The Australian Asthma Handbook

Asthma Australia is pleased to welcome an update to The Australian Asthma Handbook (Version 2.1 2020), released by the National Asthma Council Australia. To help people with asthma know their options, we have developed a quick reference guide, view our consumer guide to the Handbook changes here.

The National Asthma Council Australia’s Asthma Handbook (Version 2.1 2020) sets the best practice guidelines for primary healthcare professionals to diagnose and manage asthma. For a person with asthma, the guidelines set the standard of medical care and treatments they can expect in the hospital, at their doctor, and at the pharmacy.

For health professionals wanting a more technical overview, you may be interested in the highlights version, found via the National Asthma Council Australia website. To access a quick overview of the changes for health professionals, click here.

Know your options mild asthmaNew treatment options for mild asthma

There has been an update to the way we approach treating mild asthma, with the inclusion of dual purpose reliever (budesonide/formoterol): which reinforces the importance of treating inflammation in asthma, relieving symptoms and reducing risk of serious asthma flare-ups.  

There are now three options to manage symptoms in mild asthma for adults and adolescents over 12 years in Australia. 

  1. Regular low-dose preventer plus blue/grey reliever as needed 
  2. Dual purpose reliever (budesonide/formoterolto be used as needed  
  3. Blue/grey reliever to be used as needed to treat symptoms 

Read more about dual purpose reliever here.

New medications


The integration of a dose counter with the Ventolin and Asmol inhalers will allow patients to view the number of doses remaining in their inhalers. This important update for Australian patients will enable better monitoring of medication usage and ensure there are doses remaining when they need them”.

There will be a transition to a dose counter over the next few months while the existing stock continues to be sold in pharmacies. While Australians may see limited availability in the early months, the full transition is expected to be complete by the end of 2020 and early 2021. After this time, all Ventolin and Asmol inhalers available will have a dose counter, this includes Zempreon (Salbutamol).

Please liaise with your doctor or pharmacist on the best option for you.

Read more about the Ventolin dose counter here.


(view information brochure on Fostair here).

What is Fostair?
Fostair is a combination preventer inhaler available by prescription for adults (18 years and older) with moderate to severe asthma. Fostair is not approved for use for people under the age of 18 years. Fostair can be used in two ways:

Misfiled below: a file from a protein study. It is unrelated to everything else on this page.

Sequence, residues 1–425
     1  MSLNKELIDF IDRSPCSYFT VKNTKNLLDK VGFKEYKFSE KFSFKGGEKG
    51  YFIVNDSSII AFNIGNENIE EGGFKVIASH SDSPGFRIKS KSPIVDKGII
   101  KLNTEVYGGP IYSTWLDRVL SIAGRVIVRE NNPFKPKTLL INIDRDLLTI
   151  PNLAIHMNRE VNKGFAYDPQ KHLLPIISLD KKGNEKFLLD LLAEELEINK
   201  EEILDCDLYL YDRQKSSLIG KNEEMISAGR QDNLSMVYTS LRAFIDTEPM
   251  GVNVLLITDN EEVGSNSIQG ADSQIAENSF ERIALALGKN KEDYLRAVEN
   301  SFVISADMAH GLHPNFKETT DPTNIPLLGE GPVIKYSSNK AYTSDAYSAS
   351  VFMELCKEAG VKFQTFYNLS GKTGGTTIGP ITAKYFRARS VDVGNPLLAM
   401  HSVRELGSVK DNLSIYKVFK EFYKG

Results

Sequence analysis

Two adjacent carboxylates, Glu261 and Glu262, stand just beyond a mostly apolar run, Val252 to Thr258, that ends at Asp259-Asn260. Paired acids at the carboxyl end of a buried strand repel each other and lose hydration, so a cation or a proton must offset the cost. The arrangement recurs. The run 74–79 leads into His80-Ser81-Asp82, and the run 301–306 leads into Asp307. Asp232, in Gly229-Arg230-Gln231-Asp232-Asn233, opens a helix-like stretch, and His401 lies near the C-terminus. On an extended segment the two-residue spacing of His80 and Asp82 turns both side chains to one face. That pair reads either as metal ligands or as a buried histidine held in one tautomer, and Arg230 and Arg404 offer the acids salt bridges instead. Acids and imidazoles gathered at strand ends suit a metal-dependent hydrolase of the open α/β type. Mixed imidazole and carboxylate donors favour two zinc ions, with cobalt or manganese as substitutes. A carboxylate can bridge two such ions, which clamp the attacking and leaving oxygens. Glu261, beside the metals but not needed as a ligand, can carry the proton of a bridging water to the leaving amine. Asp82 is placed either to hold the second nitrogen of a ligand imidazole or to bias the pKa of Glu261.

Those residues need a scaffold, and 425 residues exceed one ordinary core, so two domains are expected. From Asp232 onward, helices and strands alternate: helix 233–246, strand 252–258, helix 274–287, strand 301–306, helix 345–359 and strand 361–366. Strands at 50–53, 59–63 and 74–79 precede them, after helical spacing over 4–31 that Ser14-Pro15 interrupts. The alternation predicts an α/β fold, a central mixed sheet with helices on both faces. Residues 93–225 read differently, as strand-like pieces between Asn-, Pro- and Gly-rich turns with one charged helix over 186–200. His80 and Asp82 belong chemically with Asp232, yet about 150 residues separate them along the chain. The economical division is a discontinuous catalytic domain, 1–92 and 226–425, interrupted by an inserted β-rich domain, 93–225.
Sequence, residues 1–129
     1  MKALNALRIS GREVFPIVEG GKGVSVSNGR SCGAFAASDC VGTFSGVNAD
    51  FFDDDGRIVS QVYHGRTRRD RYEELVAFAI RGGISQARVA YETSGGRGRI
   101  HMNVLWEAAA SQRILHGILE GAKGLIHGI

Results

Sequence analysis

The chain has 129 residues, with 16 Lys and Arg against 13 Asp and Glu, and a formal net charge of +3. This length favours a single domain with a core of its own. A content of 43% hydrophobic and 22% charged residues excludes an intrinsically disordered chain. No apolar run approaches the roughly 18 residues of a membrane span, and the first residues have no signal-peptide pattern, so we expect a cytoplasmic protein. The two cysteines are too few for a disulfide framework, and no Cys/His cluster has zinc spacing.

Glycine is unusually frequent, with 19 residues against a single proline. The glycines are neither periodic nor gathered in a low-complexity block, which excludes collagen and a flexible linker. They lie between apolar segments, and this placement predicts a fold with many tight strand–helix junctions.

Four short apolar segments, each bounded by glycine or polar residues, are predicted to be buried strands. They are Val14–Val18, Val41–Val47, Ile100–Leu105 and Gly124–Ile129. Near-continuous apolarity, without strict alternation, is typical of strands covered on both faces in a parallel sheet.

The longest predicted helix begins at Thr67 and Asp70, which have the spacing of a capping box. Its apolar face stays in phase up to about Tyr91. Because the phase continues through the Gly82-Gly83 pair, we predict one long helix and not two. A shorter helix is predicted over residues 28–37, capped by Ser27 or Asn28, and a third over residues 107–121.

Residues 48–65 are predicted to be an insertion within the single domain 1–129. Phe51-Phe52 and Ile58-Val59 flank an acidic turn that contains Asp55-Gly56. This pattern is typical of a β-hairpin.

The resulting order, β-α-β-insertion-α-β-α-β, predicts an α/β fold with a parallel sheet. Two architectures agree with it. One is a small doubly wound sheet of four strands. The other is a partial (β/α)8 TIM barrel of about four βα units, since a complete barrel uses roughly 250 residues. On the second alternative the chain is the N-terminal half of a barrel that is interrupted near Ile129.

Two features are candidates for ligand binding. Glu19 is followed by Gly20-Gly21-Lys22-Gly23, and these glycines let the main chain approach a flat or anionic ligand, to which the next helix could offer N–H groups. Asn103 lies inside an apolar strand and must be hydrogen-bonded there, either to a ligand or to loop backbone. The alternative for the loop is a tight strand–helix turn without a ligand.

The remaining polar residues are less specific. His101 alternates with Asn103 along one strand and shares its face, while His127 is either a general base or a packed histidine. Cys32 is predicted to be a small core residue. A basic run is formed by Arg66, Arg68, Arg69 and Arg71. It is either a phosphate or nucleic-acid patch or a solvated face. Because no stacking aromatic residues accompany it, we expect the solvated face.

1. As a preventer – Prescribed for twice-daily use and accompanied by a rapidly acting reliever (blue/grey reliever) to treat worsening symptoms as needed, and
  2. As a maintenance and reliever therapy – Prescribed for regular twice-daily use and to be used to treat worsening symptoms as needed.

Preventers can take up to a few weeks to work at their best, and it is common that a treatment trial of 4-8 weeks will be prescribed by your doctor to be sure that your prescription is effective at controlling your asthma.

Fostair is not intended for regular use before exercise. If you experience symptoms during exercise or activity, discuss with your health care professional how best to manage your symptoms, the best medications for your situation, and update your written Asthma Action Plan.


A new Bricanyl Turbuhaler was introduced in Australia on February 1. 

The new Bricanyl Turbuhaler device has been redesigned with:  

  • numerical dose counter  – this will give people with asthma clarity around how much medicine is in their device, so they know exactly when to replace it 
  • A different mouthpiece – may feel easier to use for some people with asthma 
  • New package labelling – addition of lactose as an inactive ingredient 
  • A new pack size with 120 doses (previously packs contained 100 doses) – the device will last longer, needing to be replaced less frequently. 

Learn more about Bricanyl (Terbutaline) Turbuhaler here.


An announcement was made by the Department of Health that from 1 February, pharmacy prescriptions will change as we commonly know them.  

It is now mandatory for your treating health professional to list the active ingredients in your medicine on your actual prescription. This will be known as Active Ingredient Prescribing.  

Read more on Active Ingredient Prescribing here.


There is a new version of an existing add-on medication – Spiriva Respimat – in Australia. 

Spiriva Respimat (tiotropium bromide) is an add-on inhaler available by prescription only for children six years and over and adults with difficult to treat asthma. 

If you have been using Spiriva Respimat in your asthma management plan, this change should not affect you significantly, but mainly means you don’t need to dispose of your device casing each time your cartridge is empty. 

The new Spiriva Respimat device has been redesigned as follows:  

  • The device casing is reusable for up to six repeat prescriptions. This means that after finishing one canister, you can reuse the casing another five times 
  • This means that when you obtain your new medicine at the pharmacy you will be given only the medicine cartridge to install into the device casing 
  • Your pharmacist can show you how to load your canister into your device casing.  
  • The new device comes with a new dose counter. This is different from the old device in that it indicates exactly how many doses remain in the device vs the previous traffic light indicator system 
  • The new device has a tracking indicator so you can keep track of how many cartridges you’ve gone through 

Read more about the latest Spiriva Respimat update here.